They’ve cast aside their masks.
Exposing the truth about the sordid events that Wellington Wells hides underneath its colourful exterior, while making it painfully apparent that their society is on the brink of collapse should things continue as they are. Which couldn’t have happened to nicer people. Not that everyone was complicit to the events that occurred during the war, but most have perpetuated that lie for their own happiness. We Happy Few is an enrapturing narrative-driven adventure through a drug-addled society, in which three separate protagonists discover the truth about themselves.
Or what they believe to be the truth.
Many of the events are left open to interpretation, with few explicitly stated, while the recollection of events given by each protagonist can’t be trusted, as they’ve each got their own justification for their actions. Their perception has been been irreversibly warped to fit their narrative.
Most notable with events involving multiple protagonists, as the actual events often differ, highlighted by subtle hints in the dialogue, suggesting that each is witnessing their own version of the truth. Or that their recollection of events is hazy due to substance abuse. Making them an unreliable source of information, especially when each exhibits their own selfish tendencies on a regular basis. Only furthering the ambitions
of others if it aligns with their own motivations. Which suits the bleak landscape of Wellington Wells (and its inhabitants) perfectly. Rare is it to encounter a protagonist that isn’t inherently likeable, but We Happy Few proudly presents three of them. Which is what I’ve enjoyed most about this experience. Nothing is ever what it seems to be, and you’re rarely able to fully predict how events will unfold.
Having favoured stealth as Arthur it was easy to adjust to Sally, who favours stealth due to her non-existent combat proficiencies. Even using the same non-lethal weapons as I’d used with Arthur she could barely deal any damage. Or take any in return. So she relied on her chemical concoctions to gain the advantage. Ollie, however, favoured combat, but relied on his fists due to a lack of non-lethal weapons. Then he acquired a recipe for the best non-lethal weapon I’d ever seen. Which, due to its durability, never broke, despite how many people he hit with it.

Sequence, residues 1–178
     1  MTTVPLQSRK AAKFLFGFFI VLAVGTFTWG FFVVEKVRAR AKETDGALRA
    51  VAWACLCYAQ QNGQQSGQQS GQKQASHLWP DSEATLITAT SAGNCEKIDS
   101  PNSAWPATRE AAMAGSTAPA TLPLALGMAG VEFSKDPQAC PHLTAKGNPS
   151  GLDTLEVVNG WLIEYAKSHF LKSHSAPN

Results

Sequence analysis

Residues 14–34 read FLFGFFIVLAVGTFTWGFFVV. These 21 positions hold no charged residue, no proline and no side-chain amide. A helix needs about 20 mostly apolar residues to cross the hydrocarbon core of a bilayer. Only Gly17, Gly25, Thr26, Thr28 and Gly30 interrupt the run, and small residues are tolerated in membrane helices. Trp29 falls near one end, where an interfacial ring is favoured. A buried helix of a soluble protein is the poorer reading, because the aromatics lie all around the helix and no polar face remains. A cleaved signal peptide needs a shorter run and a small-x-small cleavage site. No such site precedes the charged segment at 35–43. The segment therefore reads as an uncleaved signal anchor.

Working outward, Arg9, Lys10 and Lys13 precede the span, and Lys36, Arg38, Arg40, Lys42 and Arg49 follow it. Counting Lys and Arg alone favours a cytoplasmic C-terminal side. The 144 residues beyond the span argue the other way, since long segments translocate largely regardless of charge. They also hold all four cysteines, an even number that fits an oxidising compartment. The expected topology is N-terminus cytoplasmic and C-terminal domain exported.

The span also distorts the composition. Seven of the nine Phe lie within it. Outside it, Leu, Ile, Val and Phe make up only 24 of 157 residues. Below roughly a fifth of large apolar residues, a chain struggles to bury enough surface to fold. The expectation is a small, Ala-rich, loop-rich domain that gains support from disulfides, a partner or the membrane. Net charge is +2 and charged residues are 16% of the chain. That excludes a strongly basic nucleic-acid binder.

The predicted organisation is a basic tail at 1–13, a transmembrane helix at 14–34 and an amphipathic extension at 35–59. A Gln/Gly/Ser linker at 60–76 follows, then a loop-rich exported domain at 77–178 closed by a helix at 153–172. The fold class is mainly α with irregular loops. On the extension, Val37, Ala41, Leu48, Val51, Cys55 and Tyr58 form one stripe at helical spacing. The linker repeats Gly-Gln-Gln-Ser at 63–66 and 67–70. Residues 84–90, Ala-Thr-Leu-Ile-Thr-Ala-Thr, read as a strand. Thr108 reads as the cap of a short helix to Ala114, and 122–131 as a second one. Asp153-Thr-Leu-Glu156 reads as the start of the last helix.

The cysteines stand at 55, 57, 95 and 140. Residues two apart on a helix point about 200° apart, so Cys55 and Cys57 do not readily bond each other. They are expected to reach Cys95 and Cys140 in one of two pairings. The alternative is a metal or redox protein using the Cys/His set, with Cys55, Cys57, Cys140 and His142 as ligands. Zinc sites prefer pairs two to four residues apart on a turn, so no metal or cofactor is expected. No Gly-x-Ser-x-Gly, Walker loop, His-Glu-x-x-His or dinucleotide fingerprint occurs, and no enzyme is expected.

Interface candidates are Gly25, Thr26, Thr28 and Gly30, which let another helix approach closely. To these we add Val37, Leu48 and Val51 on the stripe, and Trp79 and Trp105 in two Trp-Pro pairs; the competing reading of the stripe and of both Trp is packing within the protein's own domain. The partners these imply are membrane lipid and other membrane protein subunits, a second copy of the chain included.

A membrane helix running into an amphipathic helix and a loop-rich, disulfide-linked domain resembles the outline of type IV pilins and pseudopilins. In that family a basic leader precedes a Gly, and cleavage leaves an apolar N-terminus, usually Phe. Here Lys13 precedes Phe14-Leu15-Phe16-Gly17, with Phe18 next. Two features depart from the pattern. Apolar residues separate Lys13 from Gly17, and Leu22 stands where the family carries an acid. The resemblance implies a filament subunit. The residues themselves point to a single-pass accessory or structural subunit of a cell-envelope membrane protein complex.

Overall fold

And he hit a lot of people with it.
Opting to knock the opposition unconscious has made this experience more challenging, and I’m glad that non-lethal weaponry even exists as it would’ve been ridiculously tedious relying on their fists. Unarmed damage remains absurdly low even after investing in the relevant skills.
Of the purchases that I’ve made in recent months, We Happy Few is easily one of the best. It’s proven to be an exhilarating one-of-a-kind adventure through the wholly believable society of Wellington Wells. Every aspect of its creation has been meticulously crafted by incredibly passionate developers, whose creativity continues to shine in the three delightfully diverse DLC experiences. Each featuring their own unique mechanics and recounting the (often bizarre) misadventures of lesser known Wellies. Misadventures that I’ll be writing about in a separate post, as I’d like to highlight how different and how fun they are. Due to how content-dense it is, I can’t recommend We Happy Few highly enough to those who crave a satisfying narrative-driven RPG. It truly is the experience that keeps on giving.
Have a nice week, all!